Setting the record straight on N-CORPE
As I continue our objective to clarify that the four NRDs involved in N-CORPE could continue to use the groundwater underlying the augmentation project without continued direct ownership of the land, I am often told by an attorney who is well versed in Nebraska’s groundwater law: yes, I am correct that N-CORPE can sell the land but that I should refrain from using the term “separating groundwater from land ownership.” Although my argument is correct, legal mechanisms in existing law do allow for a past or present landowner to assign their groundwater use rights to others by lease, easement or reservation, he is also correct in saying those agreements always tie the ability to use groundwater to the land.
Recently the Nebraska Supreme Court ruled in favor of the Upper Republican Natural Resource District (URNRD) and against Dundy County concerning the county’s attempt to access property taxes on URNRD’s Rock Creek augmentation project. In the ruling, the Court quoted from the 1985 Sorensen v. Lower Niobrara (LNNRD) case where the NRD used eminent domain to acquire two ½-acre parcels from Sorensen to establish domestic use water transfer wells for the citizens of Knox County. The Court concluded from the Sorensen decision that “it is clear that the right to use groundwater is an attribute of owning fee simple title to land overlying a source of groundwater and is inseparable from the land to which it applies.”
Supporters of N-CORPE’s continued ownership of the land are now taking the Court’s words out of context by claiming the Upper Republican decision infers that it must continue to own title to the land. What they are not telling you is that in the Sorensen case the farmer continued to own and irrigate the quarter section of land surrounding the two ½ -acre parcels where the NRD transfer wells sat. They also forget to mention in the Sorensen case, the Court ruled that under the Municipal and Rural Domestic Groundwater Transfer Permit Act, the “NRD has become a peculiar type of landowner granted very special status with statutory rights contravening common law.” In other words, use of groundwater by NRDs does not follow the same common law applied to private groundwater users.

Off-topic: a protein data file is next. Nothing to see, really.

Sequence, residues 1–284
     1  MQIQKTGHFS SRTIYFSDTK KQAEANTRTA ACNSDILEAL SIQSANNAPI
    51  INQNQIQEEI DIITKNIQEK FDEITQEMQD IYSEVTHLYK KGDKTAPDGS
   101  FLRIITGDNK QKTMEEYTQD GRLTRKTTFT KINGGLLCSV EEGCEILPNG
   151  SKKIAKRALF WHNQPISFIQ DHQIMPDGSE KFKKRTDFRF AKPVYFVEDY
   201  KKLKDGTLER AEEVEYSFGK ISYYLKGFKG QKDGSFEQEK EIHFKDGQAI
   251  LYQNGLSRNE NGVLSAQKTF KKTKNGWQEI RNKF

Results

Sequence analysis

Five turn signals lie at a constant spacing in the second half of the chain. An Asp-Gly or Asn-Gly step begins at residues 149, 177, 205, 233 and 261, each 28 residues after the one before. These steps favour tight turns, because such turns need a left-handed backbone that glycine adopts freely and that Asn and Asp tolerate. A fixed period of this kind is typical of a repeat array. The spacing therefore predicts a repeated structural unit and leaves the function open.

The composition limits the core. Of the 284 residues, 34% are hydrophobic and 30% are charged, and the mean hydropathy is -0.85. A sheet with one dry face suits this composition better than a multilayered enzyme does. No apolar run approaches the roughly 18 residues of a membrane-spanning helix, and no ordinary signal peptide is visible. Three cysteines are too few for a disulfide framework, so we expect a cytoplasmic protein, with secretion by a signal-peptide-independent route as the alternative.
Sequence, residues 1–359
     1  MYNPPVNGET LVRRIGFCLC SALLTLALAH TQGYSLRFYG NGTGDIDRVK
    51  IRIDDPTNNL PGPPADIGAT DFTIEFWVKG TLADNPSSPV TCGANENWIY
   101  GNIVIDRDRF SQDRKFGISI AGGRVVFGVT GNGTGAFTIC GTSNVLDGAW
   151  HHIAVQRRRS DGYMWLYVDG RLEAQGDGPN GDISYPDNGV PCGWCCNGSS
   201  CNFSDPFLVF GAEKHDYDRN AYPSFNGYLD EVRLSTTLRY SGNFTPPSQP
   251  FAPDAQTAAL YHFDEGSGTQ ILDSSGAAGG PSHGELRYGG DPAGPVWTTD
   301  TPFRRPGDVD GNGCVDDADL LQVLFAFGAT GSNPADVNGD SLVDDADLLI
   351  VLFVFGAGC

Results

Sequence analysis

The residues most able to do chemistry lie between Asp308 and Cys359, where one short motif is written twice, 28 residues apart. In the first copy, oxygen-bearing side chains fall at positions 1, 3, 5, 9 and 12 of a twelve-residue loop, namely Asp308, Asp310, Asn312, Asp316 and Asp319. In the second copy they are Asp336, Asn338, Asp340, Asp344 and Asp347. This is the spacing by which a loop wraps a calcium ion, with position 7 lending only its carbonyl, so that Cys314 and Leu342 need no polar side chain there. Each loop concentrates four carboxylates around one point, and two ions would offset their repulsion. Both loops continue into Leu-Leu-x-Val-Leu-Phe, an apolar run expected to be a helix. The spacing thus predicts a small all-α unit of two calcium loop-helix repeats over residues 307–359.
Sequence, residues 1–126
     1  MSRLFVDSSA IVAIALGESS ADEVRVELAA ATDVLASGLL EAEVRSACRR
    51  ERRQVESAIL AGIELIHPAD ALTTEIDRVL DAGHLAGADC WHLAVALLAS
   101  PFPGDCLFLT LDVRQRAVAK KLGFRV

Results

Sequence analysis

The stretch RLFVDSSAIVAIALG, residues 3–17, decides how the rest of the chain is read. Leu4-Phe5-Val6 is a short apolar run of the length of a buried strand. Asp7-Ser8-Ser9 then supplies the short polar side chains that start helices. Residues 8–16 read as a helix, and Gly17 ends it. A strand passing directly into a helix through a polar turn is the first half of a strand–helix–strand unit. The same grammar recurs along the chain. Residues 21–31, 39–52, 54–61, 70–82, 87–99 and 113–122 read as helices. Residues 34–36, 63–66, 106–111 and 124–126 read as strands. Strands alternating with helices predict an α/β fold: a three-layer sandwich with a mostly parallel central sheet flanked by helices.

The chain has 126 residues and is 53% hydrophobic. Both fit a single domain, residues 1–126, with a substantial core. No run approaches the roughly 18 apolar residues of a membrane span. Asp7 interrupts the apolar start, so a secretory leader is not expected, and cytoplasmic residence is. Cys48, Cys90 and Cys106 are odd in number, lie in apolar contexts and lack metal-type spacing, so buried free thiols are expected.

Justice Cassel stated in his concurring opinion in the Upper Republican case, “Perhaps another provision in current law, not invoked by the parties before us, is available to address this problem.”
Those provisions available to the N-CORPE board would include:
— Do what LNNRD did in the Sorensen case. N-CORPE could tie the water to the land by retaining ownership of the half-acre of land under each of their 19 wells and sell off the remainder of the 19,500 acres.
— Sell the land and retain the groundwater use rights through a lease agreement as a condition of sale. The towns of Bartley, Indianola and Cambridge did so, when they created their BIC Joint Water agency to supply water to their towns. They leased the water usage rights along with easements on land from three landowners, thus tying the water usage to the landownership. The farmers continue to own and farm the dry-land acres.
— Sell the land in parcels as N-CORPE did in 2014 when they sold to Lowe L.L.C. 313 acres while reserving to itself all rights to the use of the groundwater through a deed reservation and easement, again, tying the water to the land through a common real-estate legal procedure.
It is time to stop the misrepresentation of court findings and the phony scare tactics that somehow selling the N-CORPE land will open the door to an absolutely unrelated fictional future attempt to transfer our water to the Colorado front-range. A good first step was the decision by the Chairman of the Natural Resource Committee to hold a hearing on LR 463. To examine existing law on augmentation projects and the relationship between land ownership and groundwater. I plan to also heed Justice Cassel’s second reminder in his concurrence, “But only the Legislature is empowered to determine whether current law is adequate or whether the law should be changed to balance competing public interests differently.” I will again introduce clarifying legislation next year to do so.